How to Develop Effective Writing Skills
April 30th, 2017
Writing is changing as quickly as the world around it. Social media and texting restrict writers to small, pertinent messages to challenge writers and spare readers. When you receive a text message, don’t you prefer it to be short and to the point? We’re too busy and have too much at our fingertips to spend all day reading long, detailed messages from all of our friends, family, and co-workers.
Academic writing has also shifted. Most people have the misconception that “good writing” is puffed up with big words and complex structure, but all academic writing needs to do is relay a message without stumbling or getting lost. The best academic writing is concise and direct, and it always flows smoothly with well-placed punctuation. Teachers expect careful, direct essays without tangents or interruptions so that they can evaluate the work for its content and not its confusing phrasing. No one is inherently capable of this skill; it’s developed through practice with someone who has already mastered it. But this isn’t the only skill you need to develop.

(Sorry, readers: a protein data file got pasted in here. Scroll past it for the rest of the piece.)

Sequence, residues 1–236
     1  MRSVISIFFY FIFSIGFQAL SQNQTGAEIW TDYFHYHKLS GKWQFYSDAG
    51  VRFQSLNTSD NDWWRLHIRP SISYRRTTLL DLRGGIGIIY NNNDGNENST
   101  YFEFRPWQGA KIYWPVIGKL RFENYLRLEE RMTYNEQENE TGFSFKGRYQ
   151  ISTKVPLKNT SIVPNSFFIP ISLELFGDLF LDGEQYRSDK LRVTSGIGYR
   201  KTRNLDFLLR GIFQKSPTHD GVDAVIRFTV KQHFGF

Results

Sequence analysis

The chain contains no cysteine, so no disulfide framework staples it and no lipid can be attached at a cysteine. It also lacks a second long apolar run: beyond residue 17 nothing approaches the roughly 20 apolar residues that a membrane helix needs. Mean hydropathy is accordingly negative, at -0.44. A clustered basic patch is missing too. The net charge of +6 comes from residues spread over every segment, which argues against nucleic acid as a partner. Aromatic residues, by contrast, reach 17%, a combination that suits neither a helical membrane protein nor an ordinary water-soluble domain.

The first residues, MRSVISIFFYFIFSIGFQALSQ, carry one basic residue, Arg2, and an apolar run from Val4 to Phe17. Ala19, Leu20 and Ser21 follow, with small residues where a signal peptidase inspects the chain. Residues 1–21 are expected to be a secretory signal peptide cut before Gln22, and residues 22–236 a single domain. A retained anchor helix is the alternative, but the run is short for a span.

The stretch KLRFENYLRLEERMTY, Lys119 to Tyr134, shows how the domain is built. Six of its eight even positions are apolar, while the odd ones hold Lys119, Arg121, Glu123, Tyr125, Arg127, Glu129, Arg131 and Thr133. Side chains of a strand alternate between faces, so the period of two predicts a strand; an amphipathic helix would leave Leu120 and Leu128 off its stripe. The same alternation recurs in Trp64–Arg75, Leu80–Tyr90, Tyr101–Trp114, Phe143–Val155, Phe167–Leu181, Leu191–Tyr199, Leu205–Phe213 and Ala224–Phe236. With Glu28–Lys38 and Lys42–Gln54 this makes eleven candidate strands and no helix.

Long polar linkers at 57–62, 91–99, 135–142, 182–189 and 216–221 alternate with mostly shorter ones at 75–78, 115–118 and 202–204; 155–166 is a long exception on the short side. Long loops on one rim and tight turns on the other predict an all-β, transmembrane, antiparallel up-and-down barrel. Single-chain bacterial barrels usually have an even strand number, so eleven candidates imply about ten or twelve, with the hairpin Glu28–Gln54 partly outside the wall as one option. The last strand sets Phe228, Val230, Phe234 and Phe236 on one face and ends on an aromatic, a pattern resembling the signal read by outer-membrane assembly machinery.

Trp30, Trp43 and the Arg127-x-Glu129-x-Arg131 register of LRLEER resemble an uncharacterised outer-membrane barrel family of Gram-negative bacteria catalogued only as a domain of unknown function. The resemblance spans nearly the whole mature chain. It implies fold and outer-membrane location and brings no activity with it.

The most essential element of effective writing is revision. No classic novel or ground-breaking essay was published without thorough editing and remodeling. But bad writing habits can make revision another hurdle to keep you from writing freely. If you’re focused on your grammar and punctuation while writing, you might write too carefully and lose your train of thought. The best strategy for writing is to let out everything you want to say, and then to trim and polish out all of the kinks once you’ve finished.
This is where tutoring can be most helpful. Whether working on a college essay or preparing for the STAAR test or SAT, good writing is dependent on experienced readers. Strong writers and readers find grammatical mistakes naturally and can help explain how to avoid tricky errors and alter awkward wording. Since the rules of grammar are boundless, only masters of the English language could be expected to know them all, and it’s this skill along with knowing how to consolidate information that makes tutoring so beneficial to quality writing.